The AI companies have been accused of copying their recordings without permission to teach their systems to create music that will “Directly compete with, cheapen, and ultimately drown out” human artist’s work.
The AI companies have been accused of copying their recordings without permission to teach their systems to create music that will “Directly compete with, cheapen, and ultimately drown out” human artist’s work.

Suno, Udio Sued by Sony Music, Universal Music and Warner Records for Copyright infringement: Report

Major record labels like Sony Music, Universal Music and Warner Records have filed a federal lawsuit against the Artificial intelligence companies for copyright infringement alleging that their recordings were used to train music generating application systems without their permission.

Artificial Intelligence companies Suno and Udio have been sued by major record labels like Sony Music, Universal Music and Warner Records for copyright infringement alleging that their recordings were used to train music generating application systems according to a report by Reuters. 

Suno and Udio are GenAI music applications designed to generate songs that either combine vocals and instruments or are purely instrumental by using text prompts.  

According to the federal lawsuits filed against Udio and Suno by the record labels as stated in the report, the AI companies have been accused of copying their recordings without permission to teach their systems to create music that will “Directly compete with, cheapen, and ultimately drown out” human artist’s work. The labels further avowed that AI companies were “deliberately evasive” about the material they used to train their technology revealing it would “admit willful copyright infringement on an almost unimaginable scale,” the report noted.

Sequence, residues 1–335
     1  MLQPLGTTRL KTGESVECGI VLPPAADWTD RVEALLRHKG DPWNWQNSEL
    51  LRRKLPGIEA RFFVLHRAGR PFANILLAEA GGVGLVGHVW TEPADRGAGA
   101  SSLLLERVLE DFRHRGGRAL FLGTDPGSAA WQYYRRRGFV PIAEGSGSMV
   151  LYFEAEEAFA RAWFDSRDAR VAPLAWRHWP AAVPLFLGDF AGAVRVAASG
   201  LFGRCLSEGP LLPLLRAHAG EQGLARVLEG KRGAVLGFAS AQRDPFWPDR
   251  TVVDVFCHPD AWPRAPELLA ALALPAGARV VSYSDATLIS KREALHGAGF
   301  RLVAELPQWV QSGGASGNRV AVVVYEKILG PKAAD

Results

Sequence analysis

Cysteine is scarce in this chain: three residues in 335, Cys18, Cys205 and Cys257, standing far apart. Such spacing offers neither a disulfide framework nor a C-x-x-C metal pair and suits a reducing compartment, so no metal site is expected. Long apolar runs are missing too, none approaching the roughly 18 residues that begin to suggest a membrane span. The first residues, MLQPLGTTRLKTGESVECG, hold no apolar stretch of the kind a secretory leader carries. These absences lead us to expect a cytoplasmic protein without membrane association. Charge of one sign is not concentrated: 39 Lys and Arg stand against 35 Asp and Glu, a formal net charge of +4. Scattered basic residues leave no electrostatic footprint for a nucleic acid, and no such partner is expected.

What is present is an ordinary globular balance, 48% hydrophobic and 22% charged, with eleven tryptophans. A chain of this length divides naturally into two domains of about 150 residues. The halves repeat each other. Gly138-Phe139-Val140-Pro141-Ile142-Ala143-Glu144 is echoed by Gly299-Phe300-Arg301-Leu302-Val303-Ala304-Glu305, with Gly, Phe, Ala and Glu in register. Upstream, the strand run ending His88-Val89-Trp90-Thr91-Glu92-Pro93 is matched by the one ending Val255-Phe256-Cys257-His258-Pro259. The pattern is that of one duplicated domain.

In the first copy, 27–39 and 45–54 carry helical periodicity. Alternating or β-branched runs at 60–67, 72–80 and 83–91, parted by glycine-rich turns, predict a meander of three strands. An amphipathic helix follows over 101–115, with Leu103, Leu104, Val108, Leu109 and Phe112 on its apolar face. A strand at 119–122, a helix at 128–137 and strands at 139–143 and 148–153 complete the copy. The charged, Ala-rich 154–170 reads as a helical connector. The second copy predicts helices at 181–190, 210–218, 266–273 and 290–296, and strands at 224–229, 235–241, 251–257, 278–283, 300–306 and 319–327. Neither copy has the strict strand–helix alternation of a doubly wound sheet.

Other complaints reportedly include the recreation of elements of songs by users such as The Temptations’ My Girl,” Mariah Carrey’s “All I want for Christmas Is You,” and James Brown’s “I Got You (I Feel Good),” and vocals that are “indistinguishable” from the musicians such as Michael Jackson, Bruce Springsteen and ABBA. 

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However, the AI companies have denied such claims and argued that their system makes fair use of copyrighted material. 

Talking about the entire episode as per the report by Reuters, Mitch Glazer, CEO of the Recording Industry Association of America said, “unlicensed services like Suno and Udio that claim it's 'fair' to copy an artist's life's work and exploit it for their own profit without consent or pay set back the promise of genuinely innovative AI for us all.” 

The allegation comes at a time when the Cambridge, Massachusetts-based Suno and New York- based Udio have raised millions in funding for this year for their AI systems. 

Responding to the lawsuit as put forth by the Reuters, Suno CEO Mikey Shulman said, “Our technology is transformative; it is designed to generate completely new outputs, and not to memorise and regurgitate pre-existing content.” 

However, the spokespeople for Udio did not immediately respond to a request for comment on the complaints. 

The laws suits are the first of its kind to target music generating AI following several cases filed by authors, news outlets and others for misusing their works to train text-based AI models powering chatbots like OpenAI’s ChatGPT.  

The labels demanded the courts to award statutory damages of upto $150,000 per song the defendant allegedly copied. They also accused Suno of copying 662 songs and Udio of copying 1,670 songs. 

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